Social Science Seminar - The Historical Origins of Long-Surviving Military Regimes: the Mode of Decolonization, Legitimacy Advantage, and Path Dependency
10:00am - 11:30am
Online Via Zoom

Speaker  
Prof Yuko Kasuya-  Professor of Political Science, Department of Political Science, the Faculty of Law, Keio University
Prof Masaaki Higashijima- Associate Professor of Political Science, Graduate School of Information Sciences, Tohoku University

Abstract 
Why are some military regimes short-lived, while others remain in power for decades? While the conventional wisdom is that military rules survive shorter than the other types of autocracies, there is significant durational variation among the military dictatorships. Employing the critical juncture framework, this paper argues that the mode of decolonization influences the duration of military rule: military regimes tend to survive longer when armed rebels led the country’s independence than when civilian leaders peacefully negotiated the independence. We empirically examine our claim by combining cross-national analyses with an originally created data set and the case study of military regimes in Myanmar and Pakistan.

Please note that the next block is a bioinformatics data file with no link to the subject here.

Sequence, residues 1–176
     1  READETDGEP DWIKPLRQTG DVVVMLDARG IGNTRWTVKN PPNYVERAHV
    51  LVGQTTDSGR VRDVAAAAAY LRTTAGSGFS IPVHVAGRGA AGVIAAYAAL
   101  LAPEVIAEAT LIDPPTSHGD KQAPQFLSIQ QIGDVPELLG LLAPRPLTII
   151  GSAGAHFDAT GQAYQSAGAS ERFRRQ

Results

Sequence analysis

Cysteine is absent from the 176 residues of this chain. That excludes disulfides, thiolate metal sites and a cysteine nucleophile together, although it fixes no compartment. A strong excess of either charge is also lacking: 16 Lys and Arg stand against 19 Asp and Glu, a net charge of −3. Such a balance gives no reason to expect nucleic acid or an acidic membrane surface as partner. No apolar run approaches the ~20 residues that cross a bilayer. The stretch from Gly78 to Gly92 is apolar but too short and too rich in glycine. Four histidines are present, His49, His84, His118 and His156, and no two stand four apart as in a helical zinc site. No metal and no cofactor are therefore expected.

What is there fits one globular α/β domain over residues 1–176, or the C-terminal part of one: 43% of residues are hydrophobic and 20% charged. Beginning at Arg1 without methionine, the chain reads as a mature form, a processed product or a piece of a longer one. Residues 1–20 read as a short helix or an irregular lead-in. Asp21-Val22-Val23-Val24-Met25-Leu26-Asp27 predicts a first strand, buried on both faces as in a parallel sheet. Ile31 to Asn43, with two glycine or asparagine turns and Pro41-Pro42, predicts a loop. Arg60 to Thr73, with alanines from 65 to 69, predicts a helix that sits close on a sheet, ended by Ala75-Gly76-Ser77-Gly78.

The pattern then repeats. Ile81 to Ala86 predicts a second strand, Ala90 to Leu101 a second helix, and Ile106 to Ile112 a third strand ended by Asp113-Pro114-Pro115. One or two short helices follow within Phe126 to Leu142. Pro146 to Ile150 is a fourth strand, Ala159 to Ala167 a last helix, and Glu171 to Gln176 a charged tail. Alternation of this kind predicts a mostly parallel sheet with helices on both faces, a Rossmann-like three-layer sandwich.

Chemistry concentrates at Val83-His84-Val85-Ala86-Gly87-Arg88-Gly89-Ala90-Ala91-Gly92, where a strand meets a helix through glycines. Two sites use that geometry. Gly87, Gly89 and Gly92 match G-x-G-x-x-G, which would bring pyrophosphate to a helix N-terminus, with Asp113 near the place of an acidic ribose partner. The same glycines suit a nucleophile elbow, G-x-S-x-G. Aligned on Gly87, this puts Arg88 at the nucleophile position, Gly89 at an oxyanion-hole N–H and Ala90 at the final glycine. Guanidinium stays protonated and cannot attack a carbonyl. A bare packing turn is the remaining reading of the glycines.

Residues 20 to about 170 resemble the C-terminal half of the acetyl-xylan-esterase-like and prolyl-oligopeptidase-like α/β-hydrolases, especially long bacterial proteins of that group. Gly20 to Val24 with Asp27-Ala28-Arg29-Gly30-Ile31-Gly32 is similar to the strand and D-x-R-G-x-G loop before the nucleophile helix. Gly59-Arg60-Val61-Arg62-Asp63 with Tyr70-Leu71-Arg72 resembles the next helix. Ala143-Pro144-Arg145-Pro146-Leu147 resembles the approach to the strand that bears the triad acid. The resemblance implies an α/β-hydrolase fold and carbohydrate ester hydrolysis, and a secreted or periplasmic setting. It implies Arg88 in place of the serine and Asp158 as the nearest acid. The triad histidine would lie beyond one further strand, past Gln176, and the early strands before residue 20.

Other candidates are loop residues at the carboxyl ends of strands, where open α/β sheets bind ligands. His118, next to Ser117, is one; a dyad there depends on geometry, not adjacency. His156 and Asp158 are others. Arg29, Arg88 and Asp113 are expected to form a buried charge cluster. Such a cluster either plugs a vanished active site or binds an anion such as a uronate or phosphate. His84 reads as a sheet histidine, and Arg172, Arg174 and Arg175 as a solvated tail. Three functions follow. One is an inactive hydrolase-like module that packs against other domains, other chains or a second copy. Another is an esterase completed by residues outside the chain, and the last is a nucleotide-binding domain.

Register  for Seminar Here 

When
Where
Online Via Zoom
Recommended For
UG students, PG students, Alumni, Faculty and staff, General public
Language
English
Organizer
Division of Social Science
Contact
Humanities & Social Science
RSS
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